This compendium of essays by various conservative scholars is a fairly disappointing offering. Despite the promise offered by the title, there is little new in here at all. Most of the authors merely retread old doctrines without adding anything of interest. For example, J. Rodman Williams' chapter, entitled, 'New Dimensions in Charismatic Theology,' simply gives a [rather pedestrian] rendition of the Pentecostal distinctives and enlightens us with no further food for thought. Carl F. Henry and Thomas Schreiner both provide well-researched summaries of the last few decades of New Testament scholarship, but where are the 'new dimensions' promised us? They have little to say that one can't read in any run-of-the-mill textbook.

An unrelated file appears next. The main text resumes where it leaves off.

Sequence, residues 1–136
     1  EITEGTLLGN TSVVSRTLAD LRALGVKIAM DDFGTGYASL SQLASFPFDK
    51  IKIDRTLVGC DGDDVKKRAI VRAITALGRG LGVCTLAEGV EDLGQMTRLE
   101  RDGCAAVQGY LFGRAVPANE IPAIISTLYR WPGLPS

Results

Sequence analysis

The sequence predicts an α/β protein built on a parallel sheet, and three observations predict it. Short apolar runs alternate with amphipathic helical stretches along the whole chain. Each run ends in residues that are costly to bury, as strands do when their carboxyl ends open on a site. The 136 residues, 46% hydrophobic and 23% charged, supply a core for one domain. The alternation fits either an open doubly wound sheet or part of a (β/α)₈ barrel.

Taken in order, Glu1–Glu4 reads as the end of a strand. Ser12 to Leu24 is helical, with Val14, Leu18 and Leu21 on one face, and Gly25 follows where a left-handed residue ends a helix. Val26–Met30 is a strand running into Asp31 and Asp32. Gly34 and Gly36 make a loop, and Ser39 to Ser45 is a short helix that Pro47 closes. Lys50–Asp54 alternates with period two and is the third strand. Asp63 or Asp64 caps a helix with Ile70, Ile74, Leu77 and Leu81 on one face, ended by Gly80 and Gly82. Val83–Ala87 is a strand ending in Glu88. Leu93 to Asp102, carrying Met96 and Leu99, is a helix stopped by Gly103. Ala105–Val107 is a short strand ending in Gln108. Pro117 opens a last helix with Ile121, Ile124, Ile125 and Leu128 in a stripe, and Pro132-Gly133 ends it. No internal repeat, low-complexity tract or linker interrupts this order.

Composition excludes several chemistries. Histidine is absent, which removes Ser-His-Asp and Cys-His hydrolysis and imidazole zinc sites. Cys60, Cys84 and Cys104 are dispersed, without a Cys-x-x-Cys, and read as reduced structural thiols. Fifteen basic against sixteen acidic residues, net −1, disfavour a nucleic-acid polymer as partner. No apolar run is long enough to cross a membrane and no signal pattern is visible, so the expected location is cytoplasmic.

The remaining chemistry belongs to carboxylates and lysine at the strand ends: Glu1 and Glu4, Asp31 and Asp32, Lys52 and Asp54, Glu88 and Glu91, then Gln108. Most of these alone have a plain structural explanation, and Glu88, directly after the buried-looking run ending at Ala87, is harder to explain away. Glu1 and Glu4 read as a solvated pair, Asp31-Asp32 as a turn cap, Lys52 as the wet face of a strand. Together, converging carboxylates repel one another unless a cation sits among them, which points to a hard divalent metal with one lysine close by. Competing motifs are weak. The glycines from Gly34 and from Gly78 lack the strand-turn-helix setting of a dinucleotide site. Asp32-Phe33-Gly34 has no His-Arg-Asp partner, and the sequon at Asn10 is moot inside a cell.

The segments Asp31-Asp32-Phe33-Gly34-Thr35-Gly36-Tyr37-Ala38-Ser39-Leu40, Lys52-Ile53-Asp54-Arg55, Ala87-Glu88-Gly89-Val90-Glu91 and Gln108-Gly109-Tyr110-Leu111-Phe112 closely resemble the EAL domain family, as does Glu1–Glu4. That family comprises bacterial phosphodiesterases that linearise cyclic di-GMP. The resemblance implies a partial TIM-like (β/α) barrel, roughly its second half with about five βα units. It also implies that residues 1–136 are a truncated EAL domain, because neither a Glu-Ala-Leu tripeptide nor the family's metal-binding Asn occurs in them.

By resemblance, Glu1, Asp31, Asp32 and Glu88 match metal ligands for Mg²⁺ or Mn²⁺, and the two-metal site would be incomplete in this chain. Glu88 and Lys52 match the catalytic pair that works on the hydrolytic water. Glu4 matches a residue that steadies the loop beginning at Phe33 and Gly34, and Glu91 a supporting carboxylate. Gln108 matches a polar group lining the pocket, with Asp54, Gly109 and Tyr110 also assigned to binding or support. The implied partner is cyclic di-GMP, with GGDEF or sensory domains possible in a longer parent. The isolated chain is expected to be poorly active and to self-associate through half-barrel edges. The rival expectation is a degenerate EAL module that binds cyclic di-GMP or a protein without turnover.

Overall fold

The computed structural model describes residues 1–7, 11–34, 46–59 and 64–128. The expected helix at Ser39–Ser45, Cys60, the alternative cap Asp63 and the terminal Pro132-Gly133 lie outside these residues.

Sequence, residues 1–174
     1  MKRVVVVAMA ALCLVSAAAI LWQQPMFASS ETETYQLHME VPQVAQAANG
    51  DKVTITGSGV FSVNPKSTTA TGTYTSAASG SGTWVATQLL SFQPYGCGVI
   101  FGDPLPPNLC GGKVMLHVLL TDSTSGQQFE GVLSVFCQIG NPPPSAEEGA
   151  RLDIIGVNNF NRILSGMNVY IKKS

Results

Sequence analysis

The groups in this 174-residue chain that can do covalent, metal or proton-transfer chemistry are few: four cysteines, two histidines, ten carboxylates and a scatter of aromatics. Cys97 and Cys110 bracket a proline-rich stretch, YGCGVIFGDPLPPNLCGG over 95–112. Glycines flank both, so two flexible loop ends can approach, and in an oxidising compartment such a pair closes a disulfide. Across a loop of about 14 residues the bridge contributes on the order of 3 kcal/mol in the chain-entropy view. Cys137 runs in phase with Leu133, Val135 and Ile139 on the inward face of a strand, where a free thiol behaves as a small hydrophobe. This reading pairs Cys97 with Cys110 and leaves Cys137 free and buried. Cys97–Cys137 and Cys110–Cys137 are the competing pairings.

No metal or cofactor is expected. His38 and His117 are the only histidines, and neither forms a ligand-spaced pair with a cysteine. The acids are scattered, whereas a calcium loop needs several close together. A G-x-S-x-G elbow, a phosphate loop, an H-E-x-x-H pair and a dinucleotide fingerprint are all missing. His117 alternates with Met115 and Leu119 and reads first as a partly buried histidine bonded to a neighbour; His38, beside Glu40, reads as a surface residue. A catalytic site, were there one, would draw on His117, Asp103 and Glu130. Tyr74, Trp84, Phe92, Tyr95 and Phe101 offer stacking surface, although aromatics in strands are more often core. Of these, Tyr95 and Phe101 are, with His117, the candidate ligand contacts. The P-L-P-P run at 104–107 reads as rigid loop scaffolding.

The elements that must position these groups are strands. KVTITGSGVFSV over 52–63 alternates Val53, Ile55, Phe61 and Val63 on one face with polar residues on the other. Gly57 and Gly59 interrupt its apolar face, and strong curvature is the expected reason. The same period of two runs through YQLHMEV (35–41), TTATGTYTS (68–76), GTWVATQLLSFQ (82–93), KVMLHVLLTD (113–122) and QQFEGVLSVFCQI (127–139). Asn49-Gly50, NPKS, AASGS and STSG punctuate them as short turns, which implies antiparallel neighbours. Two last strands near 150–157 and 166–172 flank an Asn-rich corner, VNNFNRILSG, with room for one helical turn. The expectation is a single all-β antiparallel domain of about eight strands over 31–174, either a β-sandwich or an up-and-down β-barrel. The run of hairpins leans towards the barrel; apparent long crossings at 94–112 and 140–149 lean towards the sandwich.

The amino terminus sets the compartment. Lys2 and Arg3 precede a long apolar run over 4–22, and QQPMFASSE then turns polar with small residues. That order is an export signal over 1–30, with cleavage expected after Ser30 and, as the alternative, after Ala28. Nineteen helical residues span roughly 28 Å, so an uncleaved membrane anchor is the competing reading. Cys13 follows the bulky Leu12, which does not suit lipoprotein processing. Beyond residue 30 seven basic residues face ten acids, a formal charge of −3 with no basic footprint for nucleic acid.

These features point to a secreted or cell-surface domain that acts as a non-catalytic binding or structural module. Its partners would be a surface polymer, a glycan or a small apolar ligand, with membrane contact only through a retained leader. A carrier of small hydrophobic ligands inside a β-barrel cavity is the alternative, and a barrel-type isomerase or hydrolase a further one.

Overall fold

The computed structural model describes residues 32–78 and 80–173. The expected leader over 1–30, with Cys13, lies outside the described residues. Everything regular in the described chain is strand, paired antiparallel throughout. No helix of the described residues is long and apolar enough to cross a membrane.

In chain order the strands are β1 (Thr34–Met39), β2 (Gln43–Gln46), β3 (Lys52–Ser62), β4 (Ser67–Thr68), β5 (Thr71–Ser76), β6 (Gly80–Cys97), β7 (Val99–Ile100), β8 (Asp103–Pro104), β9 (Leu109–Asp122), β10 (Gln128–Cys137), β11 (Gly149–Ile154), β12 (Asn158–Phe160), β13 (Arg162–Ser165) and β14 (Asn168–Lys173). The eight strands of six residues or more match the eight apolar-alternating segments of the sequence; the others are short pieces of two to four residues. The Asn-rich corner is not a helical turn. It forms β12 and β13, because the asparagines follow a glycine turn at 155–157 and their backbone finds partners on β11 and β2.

Having said that, there are a few highlights. Wolfhart Pannenberg is a welcome contributor, coming from a less conservative standpoint, discussing society and culture. Alister McGrath bravely raises a few issues regarding new interpretations of salvation and redemption for different cultural contexts. Clark Pinnock's essay on theological method is one of the few chapters that has something new and challenging to say, and, indeed, one of the few that takes a genuinely self-critical look at evangelical theology. Such contributions come as a breath of fresh air in an otherwise dull volume.